As defined by Jaffe (1980), drug addiction is "a behavioral pattern of drug use, characterized by overwhelming involvement with the use of a drug (compulsive use), the securing of its supply and a high tendency to relapse after withdrawal. In addition, it is characterized by craving, withdrawal and tolerance." Traditionally, the concept of addiction only applied to substance abuse. In recent years, the concept of addiction is not only a biological concept that is precipitated from substance abuse, but it also considers cultural, social, and cognitive or psychological influences. Addiction is best understood as an individual's adjustment to his or her environment that is often self-destructive. It represents a pattern of coping through habituation. Rather than being a distinct disease entity, it is thought of more as a continuum of feeling and behavior.

There are three ways that drug addiction can be recognized in an individual.

  1. The addicted person exhibits a heightened need for a substance. This need then leads to habits that are aimed at acquiring the substance.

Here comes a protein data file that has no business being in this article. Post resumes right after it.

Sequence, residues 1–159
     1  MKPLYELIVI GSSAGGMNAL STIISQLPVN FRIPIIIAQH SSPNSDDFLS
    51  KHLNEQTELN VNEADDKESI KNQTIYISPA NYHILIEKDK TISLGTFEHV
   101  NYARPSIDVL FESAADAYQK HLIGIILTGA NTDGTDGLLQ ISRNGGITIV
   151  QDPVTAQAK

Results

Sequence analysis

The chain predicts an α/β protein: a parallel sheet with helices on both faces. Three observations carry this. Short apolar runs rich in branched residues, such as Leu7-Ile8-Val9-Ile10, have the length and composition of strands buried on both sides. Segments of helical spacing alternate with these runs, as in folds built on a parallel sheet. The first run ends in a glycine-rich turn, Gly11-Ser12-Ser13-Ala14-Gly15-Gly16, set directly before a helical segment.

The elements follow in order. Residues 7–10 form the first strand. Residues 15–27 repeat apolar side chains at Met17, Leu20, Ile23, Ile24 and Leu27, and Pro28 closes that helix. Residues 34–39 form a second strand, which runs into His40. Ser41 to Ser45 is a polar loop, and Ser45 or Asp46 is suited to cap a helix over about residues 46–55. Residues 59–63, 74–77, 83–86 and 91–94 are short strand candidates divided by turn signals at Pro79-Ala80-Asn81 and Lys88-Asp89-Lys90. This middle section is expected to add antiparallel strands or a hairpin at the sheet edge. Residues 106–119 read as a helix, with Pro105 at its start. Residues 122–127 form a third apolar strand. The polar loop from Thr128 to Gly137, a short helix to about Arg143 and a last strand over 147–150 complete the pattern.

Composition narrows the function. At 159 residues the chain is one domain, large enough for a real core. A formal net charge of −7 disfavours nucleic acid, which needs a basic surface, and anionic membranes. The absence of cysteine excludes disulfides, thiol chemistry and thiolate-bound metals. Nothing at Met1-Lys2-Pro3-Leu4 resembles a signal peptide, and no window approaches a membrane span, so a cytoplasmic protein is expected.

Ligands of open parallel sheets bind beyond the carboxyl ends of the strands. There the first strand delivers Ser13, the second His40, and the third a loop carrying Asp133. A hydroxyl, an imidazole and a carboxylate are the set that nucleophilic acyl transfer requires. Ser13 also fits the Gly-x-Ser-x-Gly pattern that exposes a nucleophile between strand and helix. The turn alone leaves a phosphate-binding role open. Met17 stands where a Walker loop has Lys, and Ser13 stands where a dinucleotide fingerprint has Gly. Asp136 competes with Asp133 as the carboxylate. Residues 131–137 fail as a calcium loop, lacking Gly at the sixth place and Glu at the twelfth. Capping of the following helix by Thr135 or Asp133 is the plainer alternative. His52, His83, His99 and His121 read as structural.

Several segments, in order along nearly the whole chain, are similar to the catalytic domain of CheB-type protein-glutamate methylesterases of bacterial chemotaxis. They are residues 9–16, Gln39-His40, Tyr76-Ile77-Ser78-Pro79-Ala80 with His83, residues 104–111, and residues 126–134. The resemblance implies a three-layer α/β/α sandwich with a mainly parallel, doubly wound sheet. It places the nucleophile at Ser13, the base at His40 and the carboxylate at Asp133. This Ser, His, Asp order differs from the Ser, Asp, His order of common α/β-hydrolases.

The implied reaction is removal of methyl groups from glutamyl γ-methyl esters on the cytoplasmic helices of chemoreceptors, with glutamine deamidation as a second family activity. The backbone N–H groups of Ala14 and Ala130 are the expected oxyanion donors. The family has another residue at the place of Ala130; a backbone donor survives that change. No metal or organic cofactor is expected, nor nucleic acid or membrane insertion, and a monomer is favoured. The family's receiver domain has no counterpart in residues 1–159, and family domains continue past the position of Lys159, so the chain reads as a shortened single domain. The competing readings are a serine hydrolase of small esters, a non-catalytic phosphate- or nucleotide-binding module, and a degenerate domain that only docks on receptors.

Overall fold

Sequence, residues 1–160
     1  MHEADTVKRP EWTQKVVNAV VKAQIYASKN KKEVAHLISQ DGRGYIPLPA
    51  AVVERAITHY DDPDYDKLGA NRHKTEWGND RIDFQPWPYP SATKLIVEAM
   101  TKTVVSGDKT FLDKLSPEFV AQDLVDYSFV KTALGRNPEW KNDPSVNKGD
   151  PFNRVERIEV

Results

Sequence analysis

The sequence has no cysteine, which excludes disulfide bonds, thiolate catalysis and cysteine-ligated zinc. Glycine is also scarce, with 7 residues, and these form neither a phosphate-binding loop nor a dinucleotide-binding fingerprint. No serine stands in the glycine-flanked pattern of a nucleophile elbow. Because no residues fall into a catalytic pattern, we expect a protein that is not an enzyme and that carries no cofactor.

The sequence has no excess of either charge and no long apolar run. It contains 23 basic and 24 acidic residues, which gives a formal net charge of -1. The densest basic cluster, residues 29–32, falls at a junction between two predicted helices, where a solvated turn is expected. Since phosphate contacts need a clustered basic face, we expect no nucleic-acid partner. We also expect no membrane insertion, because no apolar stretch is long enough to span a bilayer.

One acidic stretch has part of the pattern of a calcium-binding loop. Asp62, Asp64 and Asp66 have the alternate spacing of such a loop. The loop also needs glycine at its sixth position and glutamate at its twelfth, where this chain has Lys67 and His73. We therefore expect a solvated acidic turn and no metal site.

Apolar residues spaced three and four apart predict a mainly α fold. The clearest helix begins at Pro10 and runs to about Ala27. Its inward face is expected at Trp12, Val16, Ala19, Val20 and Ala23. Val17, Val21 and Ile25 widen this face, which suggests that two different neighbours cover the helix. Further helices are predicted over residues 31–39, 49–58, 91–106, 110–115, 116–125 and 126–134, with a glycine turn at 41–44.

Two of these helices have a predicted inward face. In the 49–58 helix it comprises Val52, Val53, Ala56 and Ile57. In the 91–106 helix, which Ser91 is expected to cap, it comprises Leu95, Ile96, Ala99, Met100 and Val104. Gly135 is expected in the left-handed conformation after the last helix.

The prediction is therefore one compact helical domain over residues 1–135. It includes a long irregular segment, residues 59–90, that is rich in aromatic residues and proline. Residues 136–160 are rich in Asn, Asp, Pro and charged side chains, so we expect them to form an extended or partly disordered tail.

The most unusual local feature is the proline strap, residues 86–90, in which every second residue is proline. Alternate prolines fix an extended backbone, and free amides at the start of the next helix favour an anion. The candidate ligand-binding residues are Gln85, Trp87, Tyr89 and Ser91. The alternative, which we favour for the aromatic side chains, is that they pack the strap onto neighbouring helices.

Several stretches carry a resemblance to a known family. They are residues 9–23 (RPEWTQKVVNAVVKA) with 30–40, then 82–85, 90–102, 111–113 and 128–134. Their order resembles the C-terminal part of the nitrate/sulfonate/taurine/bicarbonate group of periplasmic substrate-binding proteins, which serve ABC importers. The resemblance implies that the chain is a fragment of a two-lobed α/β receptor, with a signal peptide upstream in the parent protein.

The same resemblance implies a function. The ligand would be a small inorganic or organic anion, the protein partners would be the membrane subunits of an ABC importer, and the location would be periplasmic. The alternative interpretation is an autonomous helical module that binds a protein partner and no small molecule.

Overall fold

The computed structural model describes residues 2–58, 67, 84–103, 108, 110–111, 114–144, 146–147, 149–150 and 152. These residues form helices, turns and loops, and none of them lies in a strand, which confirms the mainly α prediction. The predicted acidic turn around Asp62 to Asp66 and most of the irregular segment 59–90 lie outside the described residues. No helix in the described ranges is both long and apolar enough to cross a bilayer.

2. Upon discontinued use of the abused substance, the individual suffers intensely.
  3. The hallmark of addiction is the addicted individual's willingness to sacrifice everything, to the point of self-destruction, to take the drug.
These signs are based in the biology of addiction, and therefore can be applied more appropriately to drug addiction than to addictions of other types. However, even drug addiction is not solely based on physiology. Rather, the feeling of craving and withdrawal from a drug, an object, or a behavior engages an individual's expectations, values, and self-image for gratification. The concept of addiction provides a powerful description of human behavior that involves compulsion and self-destruction.

There are a range of factors that influence an individual's reaction to drugs and susceptibility to addiction. Cultural and historical variations are among the most potent. These concepts are deeply rooted in society and begin influencing individuals at a very young age. By the time of maturity, when impressions are solidified, the cultural and historical perspectives of addiction are difficult to cast off. One may question why these prejudices persist through generations. Some explanatory factors are that harboring of popular prejudices is an accepted norm, that deficiencies in research strategies are poorly acknowledged, and that the legality of various substances are unsettled. Ultimately, however, theories of addiction need to include not just the biological perspective, but also the subjective perceptions, cultural, historical and individual, that comprise the complex behavior known as addiction.